Professor in Healthcare Ethics, Social Science & Systems in Health, University of Warwick

PhD, MA(thesis), BA(Hons)

+44 (0)2476 150347 

Project role: Co-Investigator

Lead investigator for: Organ and tissue donation – An ethical analysis of online sharing to prompt tissue donation.

Heather Draper is Professor in Healthcare Ethics at the University of Warwick. She is committed to interdisciplinary and multi-disciplinary research. Her background is one of philosophical bioethics but she is also engaged in a number of projects employing empirical bioethics. This is an emerging methodology that collects and analyses bespoke data on areas of ethical interest – in Heather’s case generally using qualitative methods. The findings are then combined with more traditional ethical analysis to produce results that are grounded in the lived realities of those affected by the issue to hand. She researchers with a range of practitioners and researchers from other disciplines including clinicians and surgeons, biomedical scientists, social scientists, human rights lawyers, roboticists, and the UK medical military. She has an international reputation in the field of transplantation and donation ethics, and is widely published in this area. She is a member of the UK Donation Ethics Committee, NHS Blood and Transplant Deceased Donor Family Tissue Advisory Group and the Donation Committee, University Hospital Birmingham NHS Foundation Trust.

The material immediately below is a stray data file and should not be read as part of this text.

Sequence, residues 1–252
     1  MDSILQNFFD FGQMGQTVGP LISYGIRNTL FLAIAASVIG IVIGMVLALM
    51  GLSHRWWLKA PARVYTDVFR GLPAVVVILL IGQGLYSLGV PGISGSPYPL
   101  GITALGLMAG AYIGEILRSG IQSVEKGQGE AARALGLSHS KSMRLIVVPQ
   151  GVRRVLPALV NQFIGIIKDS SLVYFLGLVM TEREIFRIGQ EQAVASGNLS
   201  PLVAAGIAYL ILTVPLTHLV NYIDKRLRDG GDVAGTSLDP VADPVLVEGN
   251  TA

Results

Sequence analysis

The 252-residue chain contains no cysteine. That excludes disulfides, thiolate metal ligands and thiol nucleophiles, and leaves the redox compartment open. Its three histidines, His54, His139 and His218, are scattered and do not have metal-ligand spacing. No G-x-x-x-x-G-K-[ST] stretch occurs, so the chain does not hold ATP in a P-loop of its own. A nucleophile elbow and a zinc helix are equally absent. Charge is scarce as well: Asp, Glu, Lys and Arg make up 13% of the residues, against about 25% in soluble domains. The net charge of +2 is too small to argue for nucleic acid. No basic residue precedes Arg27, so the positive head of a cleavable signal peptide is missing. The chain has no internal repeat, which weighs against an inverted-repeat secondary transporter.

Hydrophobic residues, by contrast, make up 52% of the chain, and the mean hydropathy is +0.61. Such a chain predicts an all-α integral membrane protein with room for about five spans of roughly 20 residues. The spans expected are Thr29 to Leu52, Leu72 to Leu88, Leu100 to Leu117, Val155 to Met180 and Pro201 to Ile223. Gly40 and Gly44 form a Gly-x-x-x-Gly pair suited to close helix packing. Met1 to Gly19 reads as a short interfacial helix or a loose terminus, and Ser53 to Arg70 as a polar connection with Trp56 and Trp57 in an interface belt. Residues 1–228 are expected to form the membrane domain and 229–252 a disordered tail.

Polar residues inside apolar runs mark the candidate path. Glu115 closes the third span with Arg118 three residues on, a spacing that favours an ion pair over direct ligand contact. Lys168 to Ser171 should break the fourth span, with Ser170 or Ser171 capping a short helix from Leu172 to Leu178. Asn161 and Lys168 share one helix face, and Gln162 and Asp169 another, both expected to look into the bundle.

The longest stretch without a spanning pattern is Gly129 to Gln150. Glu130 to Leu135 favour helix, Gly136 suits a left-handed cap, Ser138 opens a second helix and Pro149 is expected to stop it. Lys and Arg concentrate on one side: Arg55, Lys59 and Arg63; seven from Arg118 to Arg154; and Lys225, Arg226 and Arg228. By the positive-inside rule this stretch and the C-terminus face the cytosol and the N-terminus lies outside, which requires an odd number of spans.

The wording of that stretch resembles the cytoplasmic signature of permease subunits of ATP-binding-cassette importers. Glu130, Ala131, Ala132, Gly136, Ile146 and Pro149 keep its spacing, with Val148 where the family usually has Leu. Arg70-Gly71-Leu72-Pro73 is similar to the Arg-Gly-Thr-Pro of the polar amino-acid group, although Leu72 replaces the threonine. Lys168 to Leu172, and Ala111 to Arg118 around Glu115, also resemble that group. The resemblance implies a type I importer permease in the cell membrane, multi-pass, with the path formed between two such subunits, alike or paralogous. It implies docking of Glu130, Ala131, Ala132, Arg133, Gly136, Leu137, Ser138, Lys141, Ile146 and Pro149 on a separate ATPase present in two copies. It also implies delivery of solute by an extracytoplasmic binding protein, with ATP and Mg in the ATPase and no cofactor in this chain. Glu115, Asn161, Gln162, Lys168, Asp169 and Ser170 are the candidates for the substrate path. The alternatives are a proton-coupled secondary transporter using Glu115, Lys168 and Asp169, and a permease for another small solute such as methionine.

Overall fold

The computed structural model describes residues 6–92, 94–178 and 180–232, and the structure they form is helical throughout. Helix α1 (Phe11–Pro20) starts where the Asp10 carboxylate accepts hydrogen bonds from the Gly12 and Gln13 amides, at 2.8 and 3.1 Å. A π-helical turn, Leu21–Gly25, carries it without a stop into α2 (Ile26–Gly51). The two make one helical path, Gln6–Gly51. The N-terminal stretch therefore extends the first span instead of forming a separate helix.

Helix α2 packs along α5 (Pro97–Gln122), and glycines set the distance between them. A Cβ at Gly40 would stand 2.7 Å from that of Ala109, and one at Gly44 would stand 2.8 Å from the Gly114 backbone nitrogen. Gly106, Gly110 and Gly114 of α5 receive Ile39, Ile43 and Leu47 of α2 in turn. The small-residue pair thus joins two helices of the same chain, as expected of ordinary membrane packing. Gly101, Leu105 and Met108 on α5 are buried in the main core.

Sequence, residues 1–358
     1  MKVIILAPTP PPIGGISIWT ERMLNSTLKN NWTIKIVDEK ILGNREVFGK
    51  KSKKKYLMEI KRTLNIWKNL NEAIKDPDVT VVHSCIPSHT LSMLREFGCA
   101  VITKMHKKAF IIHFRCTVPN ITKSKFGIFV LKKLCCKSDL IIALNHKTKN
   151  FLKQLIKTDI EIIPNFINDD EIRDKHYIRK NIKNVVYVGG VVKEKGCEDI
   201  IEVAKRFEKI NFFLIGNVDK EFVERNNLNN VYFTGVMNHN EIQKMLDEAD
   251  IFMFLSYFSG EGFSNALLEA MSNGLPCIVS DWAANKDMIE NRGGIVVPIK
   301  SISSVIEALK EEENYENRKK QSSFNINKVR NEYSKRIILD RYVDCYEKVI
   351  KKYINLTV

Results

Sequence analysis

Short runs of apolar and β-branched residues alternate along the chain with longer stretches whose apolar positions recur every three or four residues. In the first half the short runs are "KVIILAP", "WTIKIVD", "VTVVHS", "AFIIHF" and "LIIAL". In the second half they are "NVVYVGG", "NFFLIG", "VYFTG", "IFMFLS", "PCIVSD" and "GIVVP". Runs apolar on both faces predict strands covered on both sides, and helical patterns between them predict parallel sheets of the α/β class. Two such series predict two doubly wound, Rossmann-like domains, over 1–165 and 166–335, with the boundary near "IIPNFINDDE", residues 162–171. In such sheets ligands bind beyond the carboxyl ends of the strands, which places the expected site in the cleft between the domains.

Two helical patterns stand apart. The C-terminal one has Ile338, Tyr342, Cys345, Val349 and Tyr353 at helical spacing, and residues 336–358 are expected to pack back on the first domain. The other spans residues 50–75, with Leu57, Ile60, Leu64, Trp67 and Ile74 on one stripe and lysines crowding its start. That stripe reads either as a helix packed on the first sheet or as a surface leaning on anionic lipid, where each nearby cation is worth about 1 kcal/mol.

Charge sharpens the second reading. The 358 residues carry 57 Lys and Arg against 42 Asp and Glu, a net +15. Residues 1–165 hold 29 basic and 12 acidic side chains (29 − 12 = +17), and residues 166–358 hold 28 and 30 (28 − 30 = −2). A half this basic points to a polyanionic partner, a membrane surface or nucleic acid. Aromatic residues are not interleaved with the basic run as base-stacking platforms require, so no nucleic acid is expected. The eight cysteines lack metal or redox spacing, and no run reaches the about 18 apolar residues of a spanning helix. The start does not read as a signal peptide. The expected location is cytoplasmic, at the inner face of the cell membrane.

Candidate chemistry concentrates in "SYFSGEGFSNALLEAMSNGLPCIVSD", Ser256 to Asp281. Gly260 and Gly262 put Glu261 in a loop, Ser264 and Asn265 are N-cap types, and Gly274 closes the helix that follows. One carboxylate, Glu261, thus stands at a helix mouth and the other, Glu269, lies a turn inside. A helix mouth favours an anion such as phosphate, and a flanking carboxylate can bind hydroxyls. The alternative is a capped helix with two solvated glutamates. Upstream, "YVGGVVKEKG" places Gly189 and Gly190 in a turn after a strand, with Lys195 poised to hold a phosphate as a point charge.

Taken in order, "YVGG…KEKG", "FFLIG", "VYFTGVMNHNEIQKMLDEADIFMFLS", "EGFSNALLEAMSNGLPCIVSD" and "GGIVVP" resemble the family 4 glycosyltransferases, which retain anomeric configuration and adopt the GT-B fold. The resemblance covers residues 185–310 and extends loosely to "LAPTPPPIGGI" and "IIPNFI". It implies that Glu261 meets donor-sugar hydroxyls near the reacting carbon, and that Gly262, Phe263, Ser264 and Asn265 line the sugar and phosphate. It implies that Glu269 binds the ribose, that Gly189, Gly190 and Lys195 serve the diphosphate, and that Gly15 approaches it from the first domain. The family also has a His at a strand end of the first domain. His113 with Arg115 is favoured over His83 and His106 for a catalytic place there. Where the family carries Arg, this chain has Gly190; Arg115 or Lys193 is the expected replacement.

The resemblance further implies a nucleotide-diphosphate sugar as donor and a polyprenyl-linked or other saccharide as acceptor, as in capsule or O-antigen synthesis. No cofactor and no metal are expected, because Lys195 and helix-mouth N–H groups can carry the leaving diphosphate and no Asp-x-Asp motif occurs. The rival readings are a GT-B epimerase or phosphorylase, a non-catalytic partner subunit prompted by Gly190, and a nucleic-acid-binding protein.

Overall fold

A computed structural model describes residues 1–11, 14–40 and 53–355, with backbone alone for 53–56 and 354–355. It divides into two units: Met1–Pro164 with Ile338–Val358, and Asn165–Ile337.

Full profile:

Recent relevant publications:

Moorlock G., Neuberger J., Bramhall .S and Draper H. An empirically informed analysis of the ethical issues surrounding split liver transplantation in the United Kingdom. Cambridge Quarterly of Healthcare Ethics ( in press)

Moorlock, G., Ives J., and Draper, H.   Altruism in Organ Donation – An Unnecessary Requirement? Journal of Medical Ethics  28th March 2013 doi:10.1136/medethics-2012-100528

Thomas, E., Bramhall, S., Herington, J., and Draper, H.  Live liver donation, ethics and practitioners: “I’m between the two and if I don’t feel comfortable about this situation, I can’t proceed.”  Journal of Medical Ethics 27th March doi:10.1136/medethics-2012-101261. Paper version  2014 40(3): 157-162

Willis, D Draper, H. To make the unusual usual: is there an imperative to discuss organ donation with palliative care patients. International Journal of Palliative Nursing 2012; 18(1): 5-7

Moorlock, G., Draper, H; Bramhall, S. Liver transplantation using ‘donation after circulatory death’ donors: the ethics of managing the end of life care of potential donors to achieve organs suitable for transplantation. Clinical Ethics 2011; 6: 134-139

Draper, H (2007) ‘Gametes, consent and the point of no return.’ Human Fertility 10: 105-109

Chouhan, P, Draper, H (2003) ‘Mandated Choice for organ donation’ Journal of Medical Ethics 29: 157-162

Case studies

Draper, H, MacDiarmaid-Gordon, A, Strumidlo, L, Teuten, B, Updale, E (2007) ‘Case 8 Should non-medical circumstances determine whether a child is placed on the transplant register when there is a risk of wasting a scarce organ?’ Clinical Ethics 2: 166 – 172

Draper, H, MacDiarmaid-Gordon, A, Strumidlo, L, Teuten, B, Updale, E (2006) Case 4: Why can’t a dead mother donate a kidney to her son? Clinical Ethics 1: 183-190